Strategies for recognizing the diverse strengths and social identities that students and faculty bring to the learning environment.

The Director for Inclusive Teaching Practices in the Office of Teaching and Learning offers workshops, consultations, and comprehensive online portals to facilitate the understanding and application of inclusive practices in post-secondary pedagogy.

The aim of inclusive teaching practices is to answer the questions:

  • How might our identities and worldviews influence the way we teach and interact with students?
  • How can we foster interpersonal dialogues that honor multiple perspectives and validate students’ experiences?
  • Do the materials and content in our courses reflect and honor multiple perspectives?
  • What powers and privileges might be reinforced in the curriculum that we teach?
  • Do our course activities, assignments, and exams meet the needs of all learners through a combination of group work, individual work, and collaborative learning opportunities?
  • Do our classes provide multiple perspectives by incorporating “real world” cases of research, guest speakers, films, etc.?
  • How can we provide multiple ways of presenting information, scaffolding learning and allowing for student choice?

Interested in diving deeper? Then check out our Inclusive Teaching Practices Portal to develop a critical understanding of inclusive teaching. Read key articles, learn classroom implementation techniques, identify resources at DU, and even watch recommended TED Talks and browse relevant websites.

Click on the headers below to expand each section to learn more.

For more information regarding resources, workshops, or consultations about inclusive teaching practices, please contact Valentina Iturbe-LaGrave, the Assistant Director for Inclusive Teaching Practices at OTL.

What is inclusive excellence?

Inclusive Excellence (IE) is the recognition that a community or institution’s success is dependent on how well it values, engages and includes the rich diversity of students, staff, faculty, administrators, and alumni constituents. This comprehensive approach requires a fundamental transformation by embedding the following five dimensions in our praxis:

  • Intrapersonal Awareness: Engaging in a reflexive and critical examination of the ideas, assumptions, and values that we bring into the classroom.
  • Interpersonal Awareness: Building relationships and fostering dialogues that honor multiple perspectives and inviting students to share their cultural experiences.
  • Curriculum Transformation: Integrating multiple identity groups into the curriculum beyond superficial multiculturalism and review the curriculum for hidden forms of oppressions such as stereotyping, inaccurate generalizations, and historical omissions and make appropriate changes.
  • Inclusive Pedagogy:Implementing teaching methods that enhance the engagement, motivation, and learning from and about historically marginalized groups.
  • Inclusive Learning Environment:Cares for and respects students, building professional relationships with them and ensuring safe learning environments.

Benefits of Inclusive Excellence

At the University of Denver, our goal is to make Inclusive Excellence a habit that transforms our institution into a vibrant community that embeds diversity throughout multiple institutional areas: in our teaching, in our research and in the various ways in which we engage with our surrounding community.  The benefits of Inclusive Excellence include:

  • Improved academic outcomes evidenced in higher educational aspirations, motivation, and self-confidence, heightened creativity and innovation, and stronger critical thinking and problem-solving skills (Milem, 2003).
  • Increased experiences with diversity, cultural awareness, and commitment to issues of equity (Milem, 2003).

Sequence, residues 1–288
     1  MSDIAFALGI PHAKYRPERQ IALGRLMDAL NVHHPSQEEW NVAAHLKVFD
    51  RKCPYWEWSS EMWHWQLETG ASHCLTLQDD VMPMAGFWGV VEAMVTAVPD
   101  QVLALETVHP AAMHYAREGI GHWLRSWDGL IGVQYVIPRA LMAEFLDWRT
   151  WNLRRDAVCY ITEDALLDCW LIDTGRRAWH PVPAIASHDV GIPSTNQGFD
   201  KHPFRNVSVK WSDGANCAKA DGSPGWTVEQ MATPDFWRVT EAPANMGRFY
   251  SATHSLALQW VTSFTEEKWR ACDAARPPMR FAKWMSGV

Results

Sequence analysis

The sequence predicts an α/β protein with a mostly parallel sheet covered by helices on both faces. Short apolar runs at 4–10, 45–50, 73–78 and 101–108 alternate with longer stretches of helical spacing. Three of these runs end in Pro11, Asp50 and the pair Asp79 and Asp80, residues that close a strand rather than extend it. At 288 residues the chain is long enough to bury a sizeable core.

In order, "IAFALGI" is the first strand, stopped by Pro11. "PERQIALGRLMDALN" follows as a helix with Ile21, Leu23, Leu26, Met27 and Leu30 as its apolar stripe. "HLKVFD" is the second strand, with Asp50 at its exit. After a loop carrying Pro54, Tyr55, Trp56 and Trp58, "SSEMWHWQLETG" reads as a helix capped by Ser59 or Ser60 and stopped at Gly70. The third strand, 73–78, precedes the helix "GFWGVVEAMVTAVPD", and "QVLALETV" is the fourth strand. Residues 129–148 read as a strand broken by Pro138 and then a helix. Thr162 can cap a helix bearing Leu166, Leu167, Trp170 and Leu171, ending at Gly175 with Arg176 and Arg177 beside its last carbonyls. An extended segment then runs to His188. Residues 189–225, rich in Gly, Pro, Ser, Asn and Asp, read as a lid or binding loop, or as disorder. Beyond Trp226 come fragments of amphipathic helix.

• Higher levels of civic engagement and a more informed citizenry (Milem, 2003).


Milem, J. F. (2003). The educational benefits of diversity: Evidence from multiple sectors. In M. J. Chang, D. Witt, J. Jone, & K. Hakuta (Eds.), Compelling interest: Examining the evidence on racial dynamics in colleges and universities (pp. 126–169). Stanford, CA: Stanford University Press.

Milem, J., Chang, M., & Antonio, A. (2005). Making diversity work: A researched based perspective. AAC&U.

Salazar, M., Norton, A., & Tuitt, F. (2009). Weaving promising practices for inclusive excellence into the higher education classroom. In L.B. Nilson and J.E. Miller (Eds.) To improve the academy. (pp. 208-226).

What is Inclusive Pedagogy?

Inclusive Pedagogy is the purposeful embodiment of inclusive teaching practices toward multiple student identity groups (Milem, 2007) and assumes that our identities operate collectively opposed to independently. Inclusive Pedagogy focuses on student intellectual and social development, recognizing the cultural and cognitive differences that diverse learners bring to the educational experience and how those differences enhance the learning environment.

It’s important to understand that while there are many frameworks and approaches that help faculty teach inclusively, the core tenet of inclusive pedagogy is that educators recognize, assess and address inclusion in all aspects of their teaching -i.e., when designing a course, when thinking about classroom management and when assessing the learning environment.

Benefits of Inclusive Pedagogy

“Even though some of us might wish to conceptualize our classrooms as culturally neutral or might choose to ignore the cultural dimensions, students cannot check their sociocultural identities at the door, nor can they instantly transcend their current level of development […] Therefore, it is important that the pedagogical strategies we employ in the classroom reflect an understanding of social identity development so that we can anticipate the tensions that might occur in the classroom and be proactive about them” (Ambrose et. al., 2010, p. 169-170).

Through Inclusive Pedagogy, faculty are able to:

  • Engage diversity in the pursuit of individual and collaborative learning.
  • Establish an environment that challenges each student to achieve academically at high levels.
  • Constructively handle difficult moments in the classroom when controversial material is discussed.